February 19

Revamping my Summary Assignments

I am Shaking up the way I have my scholars summarize information. 

This MONTH’S #BLOGAMONTH TOPIC is a challenge to ‘do things differently.’

“Change a constant.”

Whether this is taking your class outside, putting music on, removing desks, unplugging your tech lesson, going paperless…etc, lets break the routine and reflect.

I decided to shake things up and do away with requiring summaries from my Scholars. I will instead be focusing on Gist statements, Blackout Poems, and Student Generated Questions. We do need to check on their understanding but as you read your 30th rendition of

  • First, this happened
  • Then, this happened
  • So then, this happened

It gets old and hard to deal with. They hated writing it and after picking up the 31st paper, I am apt to declare, “Nope not interested at all. No thanks. Don’t want to read anymore.” But what I can deal with is a quick check that requires my Scholars to summarize the text in 25 words. Okay yes, I know I used the dirty s@@#$%^ word but the number of required words in the summary gives it an interesting twist.

“Whoa! Wait!?!? What?!?! 25 words?!?!” – their response.

“Yes, 25 words. No more. No less. Exactly 25 words.” – my response.

Not only have I just decreased the number of words that I have to read but I have drastically increased the rigor. It takes some serious critical thinking to reduce a passage into a prescribed number of words. Gist Statements are just one way to rid your Scholars of the dreaded, boring, standard summary assignment.

Gist Statements

  • Objective:  Accurately paraphrase sentences, keeping original meaning, and changing the structure of the sentence if necessary
  • Learning experience: Learners will read and locate/synthesize information and create a summary of 20-25 words.
  • Student product:  Brief summary passage
  • Rationale: This strategy helps students identify the most important ideas in a text, put those ideas into their own words, and then make connections between among these important ideas.

BlackOut poem

  • Objective: Read closely to determine the main idea or purpose of a text and eliminating all other words. Blackout poetry is a page of text that has been partially blacked out – colored over with a permanent marker so that the only visible text provides insight into the text as a whole.
  • Learning experience: Learners will read, locate information of interest and highlight sections of a chosen text.
  • Student product: Text based poem that can be shared and displayed.
  • Rationale: Creating BlackOut Poetry is an effective strategy to promote active and critical reading skills by requiring students to read the text and identify points of interest. These points of interest can either be teacher directed or student driven.

Student Generated Questions

  • Objective: analyze and synthesize a text and compose possible test questions.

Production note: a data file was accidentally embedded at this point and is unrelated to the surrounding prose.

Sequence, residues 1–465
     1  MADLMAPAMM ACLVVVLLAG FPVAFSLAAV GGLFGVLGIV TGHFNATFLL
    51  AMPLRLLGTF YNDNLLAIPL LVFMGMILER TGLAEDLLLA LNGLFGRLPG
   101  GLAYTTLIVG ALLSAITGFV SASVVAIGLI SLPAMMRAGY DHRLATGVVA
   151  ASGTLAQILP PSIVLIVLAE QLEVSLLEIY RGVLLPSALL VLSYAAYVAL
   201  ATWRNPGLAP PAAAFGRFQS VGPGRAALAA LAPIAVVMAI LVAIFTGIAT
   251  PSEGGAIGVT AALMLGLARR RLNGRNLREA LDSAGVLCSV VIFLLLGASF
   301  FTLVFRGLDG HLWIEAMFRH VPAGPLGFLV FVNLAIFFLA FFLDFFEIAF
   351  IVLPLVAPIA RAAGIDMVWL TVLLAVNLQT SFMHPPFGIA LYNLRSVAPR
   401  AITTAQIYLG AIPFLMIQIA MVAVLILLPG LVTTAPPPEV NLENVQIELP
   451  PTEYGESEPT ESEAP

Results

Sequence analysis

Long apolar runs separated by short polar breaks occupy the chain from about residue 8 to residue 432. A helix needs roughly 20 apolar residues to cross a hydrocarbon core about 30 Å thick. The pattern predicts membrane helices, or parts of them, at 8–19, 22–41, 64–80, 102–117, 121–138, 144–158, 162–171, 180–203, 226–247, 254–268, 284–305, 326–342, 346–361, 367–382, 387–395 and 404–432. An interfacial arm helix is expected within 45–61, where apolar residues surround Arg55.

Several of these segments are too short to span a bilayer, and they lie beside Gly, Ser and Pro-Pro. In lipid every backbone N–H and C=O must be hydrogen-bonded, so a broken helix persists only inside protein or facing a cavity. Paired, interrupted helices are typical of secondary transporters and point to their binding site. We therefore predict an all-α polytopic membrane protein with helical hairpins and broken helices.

• Learning experience: Learners will read and locate/synthesize information to create questions.
  • Student product:  Discussion and/or multiple choice questions.to be used for a test, Kahoot game or a round of Quiz-Quiz-Trade.
  • Rationale:  Creating questions help students gain a deeper understanding of the text. It requires students to find textual evidence to support their question/answer choices. This activity requires students to explore concepts from the assigned text.

Can you revamp your summary game by using Gist statements, Blackout Poems, and Student Generated Questions? Try these activities out and I guarantee you that your Scholars will thank you.

(That’s not really true.) 

Condensing text drives many of them crazy and the responsibility of creating possible test questions scares many but at least it is not the same, boring assignment and you can get the necessary feedback that you need.

June 29

My Summer PD

When is it time to stop learning? NEVER!!

I have recently decided to follow the BlogAMonth topics and the topic for June deals with Summer Professional Development. I have over-committed myself and I have already failed 1/6 online courses that I signed up for. oops

June PD

Teacher Leader Summit held at the Morial Convention Center (face to face)

  • takeaway: tons of tips about best practices and discussions about our new CCSS Guidebook

LACUE Leadership Summit held in Baton Rouge (face to face)

  • I presented a session about close reading and using tech tools to support literacy strategies.
  • takeaway: resources and tech tools to try in my class and to share with others.

Project Based Learning: How to Guide Inquiry, Managing Teamwork and How to Make a Project Authentic (online via Edmodo)

  • takeaway: resources and ideas about how to successfully create project based learning experiences

Making Learning Connected (#clmooc)

A collaborative, knowledge-building and sharing experience open to anyone interested in making, playing, and learning together about the educational framework known as Connected Learning. It extends through July.

July work

SREB and HSTW in Nashville (face to face)

Reform Symposium

  • an online global event highlighting “wow” moments in teaching and learning.

APSI in Boston (face to face)

Making Learning Connected (#clmooc)

  • a collaborative, knowledge-building and sharing experience open to anyone interested in making, playing, and learning together about the educational framework known as Connected Learning

Those are just a few of the learning opportunities that I have signed up for. Just a few… Knowing me, I will sign up for others.

Do you have plans? If not try

  1. Reform Symposium
  2. Edmodocon 2014
  3. ASCD Webinar
  4. Simple K12 Summer Webinars